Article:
FOR IMMEDIATE RELEASE
April 21, 2011
Public invited to evening Boundary Hearing for Morning Star Natural Resources Conservation Area
Comments welcomed until May 16
OLYMPIA – The Washington State Department of Natural Resources will hold a public hearing at 6 p.m. on May 4, 2011. At the hearing DNR will present a proposed expansion to the existing Morning Star Natural Resources Conservation Area (NRCA) in Snohomish County, and take public comments.
Details of Hearing
|Time & Date:||6:00 p.m., May 4, 2011|
|Location:||Snohomish County Courthouse|
Public Meeting Room #1
1st Floor Admin-East, 3000 Rockefeller Avenue
Everett, WA 98201
Following an overview of the proposal, DNR will receive public testimony on the proposed change in the boundary of the conservation area. A fact sheet about the proposal is on DNR’s website: www.dnr.wa.gov
, and search for “Natural Areas Program.” (See map
of proposed boundary change.)
Written comments on the proposed boundary will be welcomed until close of business on May 16, 2011, at the Olympia address below.
In 2007, three Natural Resources Conservation areas were unified under the name Morning Star NRCA in Snohomish County. The original 10,003-acre Morning Star NRCA is comprised mainly of extremely steep and rugged terrain, numerous small alpine lakes and glaciers with elevations from 1,600 feet to the 6,610 foot Del Campo Peak. Alaska harebell and Cooley's buttercup exist in rock crevices and cliff ledges—both state sensitive plant species. The area within the former Mount Pilchuck NRCA was added to Morning Star. This 9,606-acre area within an hour's drive of Everett is home to diverse ecological communities, from low-elevation to alpine forests and meadows. Some forest stands are about 300 years old. Now also a part of Morning Star is the former 6,700-acre Greider Ridge NRCA that features spectacular, mid-to high- elevation subalpine areas with many exposed rocks and cliffs. Silver fir and mountain hemlock forests give way to low growing huckleberry parklands. Hiking, and some camping are part of the public opportunities.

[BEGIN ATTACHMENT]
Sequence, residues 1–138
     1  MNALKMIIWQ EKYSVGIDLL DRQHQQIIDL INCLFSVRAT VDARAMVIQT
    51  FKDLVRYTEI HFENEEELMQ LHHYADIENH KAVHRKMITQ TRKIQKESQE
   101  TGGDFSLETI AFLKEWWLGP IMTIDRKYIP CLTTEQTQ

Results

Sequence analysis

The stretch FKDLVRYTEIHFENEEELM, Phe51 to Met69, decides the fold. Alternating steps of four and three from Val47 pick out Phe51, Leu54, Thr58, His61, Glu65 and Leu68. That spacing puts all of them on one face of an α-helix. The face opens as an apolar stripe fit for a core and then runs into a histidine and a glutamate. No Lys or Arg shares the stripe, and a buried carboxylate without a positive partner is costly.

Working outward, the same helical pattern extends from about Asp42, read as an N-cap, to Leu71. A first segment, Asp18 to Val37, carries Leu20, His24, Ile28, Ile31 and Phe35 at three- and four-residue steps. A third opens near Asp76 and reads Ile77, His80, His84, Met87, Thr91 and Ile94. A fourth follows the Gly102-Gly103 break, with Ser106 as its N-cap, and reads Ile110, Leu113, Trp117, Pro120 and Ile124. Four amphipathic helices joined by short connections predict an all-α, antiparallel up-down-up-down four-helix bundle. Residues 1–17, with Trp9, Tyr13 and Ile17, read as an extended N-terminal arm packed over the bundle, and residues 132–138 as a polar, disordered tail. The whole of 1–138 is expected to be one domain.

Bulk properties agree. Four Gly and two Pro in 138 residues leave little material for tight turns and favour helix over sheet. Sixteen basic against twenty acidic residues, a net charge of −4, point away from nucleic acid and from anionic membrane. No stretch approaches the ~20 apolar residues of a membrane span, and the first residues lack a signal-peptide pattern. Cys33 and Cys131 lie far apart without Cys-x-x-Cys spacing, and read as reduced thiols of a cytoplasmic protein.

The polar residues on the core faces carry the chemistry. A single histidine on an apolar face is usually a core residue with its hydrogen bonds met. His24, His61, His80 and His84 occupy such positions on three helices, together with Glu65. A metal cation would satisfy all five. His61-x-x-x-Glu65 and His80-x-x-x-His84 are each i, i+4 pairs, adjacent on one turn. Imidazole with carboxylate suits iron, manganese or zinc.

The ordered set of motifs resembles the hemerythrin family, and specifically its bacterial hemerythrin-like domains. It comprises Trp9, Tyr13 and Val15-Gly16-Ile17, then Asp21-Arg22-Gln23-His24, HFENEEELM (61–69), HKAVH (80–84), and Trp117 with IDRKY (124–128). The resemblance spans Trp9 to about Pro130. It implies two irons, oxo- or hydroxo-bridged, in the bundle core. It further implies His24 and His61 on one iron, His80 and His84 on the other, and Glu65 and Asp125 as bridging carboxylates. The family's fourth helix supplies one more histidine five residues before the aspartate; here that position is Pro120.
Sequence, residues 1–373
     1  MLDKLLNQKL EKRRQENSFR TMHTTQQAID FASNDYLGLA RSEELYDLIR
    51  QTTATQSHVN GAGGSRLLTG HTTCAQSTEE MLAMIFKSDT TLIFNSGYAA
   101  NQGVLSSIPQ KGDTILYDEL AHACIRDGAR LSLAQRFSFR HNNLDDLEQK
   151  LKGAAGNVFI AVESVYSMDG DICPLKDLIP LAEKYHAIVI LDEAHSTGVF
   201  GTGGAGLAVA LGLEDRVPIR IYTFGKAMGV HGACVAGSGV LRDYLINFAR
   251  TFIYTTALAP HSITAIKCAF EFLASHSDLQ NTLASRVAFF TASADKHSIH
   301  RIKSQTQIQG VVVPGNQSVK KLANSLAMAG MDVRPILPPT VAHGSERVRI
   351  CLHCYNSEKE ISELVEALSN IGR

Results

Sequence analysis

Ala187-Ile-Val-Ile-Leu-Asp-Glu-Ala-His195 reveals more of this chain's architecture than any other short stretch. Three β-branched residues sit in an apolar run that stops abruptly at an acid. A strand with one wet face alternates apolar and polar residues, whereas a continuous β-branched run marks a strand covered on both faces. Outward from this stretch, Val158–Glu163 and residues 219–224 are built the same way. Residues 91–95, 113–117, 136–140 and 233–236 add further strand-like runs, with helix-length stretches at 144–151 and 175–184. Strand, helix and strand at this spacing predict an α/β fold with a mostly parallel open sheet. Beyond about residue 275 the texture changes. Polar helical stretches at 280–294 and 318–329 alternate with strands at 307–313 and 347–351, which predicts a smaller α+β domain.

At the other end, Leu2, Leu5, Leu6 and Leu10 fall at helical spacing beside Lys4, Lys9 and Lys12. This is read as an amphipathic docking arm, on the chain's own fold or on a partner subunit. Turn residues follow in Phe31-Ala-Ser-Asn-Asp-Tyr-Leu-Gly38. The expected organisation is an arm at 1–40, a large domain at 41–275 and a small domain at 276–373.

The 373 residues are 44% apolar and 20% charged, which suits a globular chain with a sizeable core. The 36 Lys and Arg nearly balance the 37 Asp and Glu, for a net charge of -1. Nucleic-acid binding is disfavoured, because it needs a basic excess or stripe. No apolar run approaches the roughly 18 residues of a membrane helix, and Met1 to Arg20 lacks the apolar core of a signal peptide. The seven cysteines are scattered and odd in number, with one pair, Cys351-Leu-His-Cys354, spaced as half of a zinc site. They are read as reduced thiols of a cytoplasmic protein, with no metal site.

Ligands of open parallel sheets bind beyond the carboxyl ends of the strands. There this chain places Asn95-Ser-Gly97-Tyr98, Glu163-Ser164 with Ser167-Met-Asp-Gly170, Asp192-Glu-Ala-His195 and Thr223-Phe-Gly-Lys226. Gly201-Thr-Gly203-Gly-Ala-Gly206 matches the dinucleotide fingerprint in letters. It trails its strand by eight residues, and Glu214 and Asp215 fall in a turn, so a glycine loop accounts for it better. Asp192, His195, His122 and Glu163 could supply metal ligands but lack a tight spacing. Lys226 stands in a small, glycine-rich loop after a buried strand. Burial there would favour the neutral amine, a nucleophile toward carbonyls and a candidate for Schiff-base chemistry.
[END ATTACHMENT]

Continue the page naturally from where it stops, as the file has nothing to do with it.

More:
The proposed boundary addition is remnant older forests immediately adjacent to the Morning Star NRCA which will add to the conservation values, including nesting, roosting and foraging habitat for the northern spotted owl, federally listed as ‘threatened’.
Information on the Morning Star Natural Resources Conservation Area and public hearing is available from Washington State Department of Natural Resources, Forest Resources & Conservation Division, ATTN: Morning Star Boundary Hearing, PO Box 47016, Olympia WA 98504-7016; telephone (360) 902-1600.
DNR’s natural areas
Conserving Washington’s native species and ecosystems, today and for future generations
DNR manages 54 natural area preserves (NAPs) and 31 NRCAs on more than 143,000 acres statewide. NAPs protect high-quality examples of native ecosystems and rare plant and animal species. NAPs serve as genetic reserves for Washington’s native species and as reference sites for comparing natural and altered environments. NRCAs protect lands having high conservation values for ecological systems, scenic qualities, wildlife habitat and low-impact recreational opportunities. Environmental education and approved research projects occur on both NAPs and NRCAs.
Media Contact: Jane Chavey, Senior Communications Manager, 360-902-1721, email@example.com
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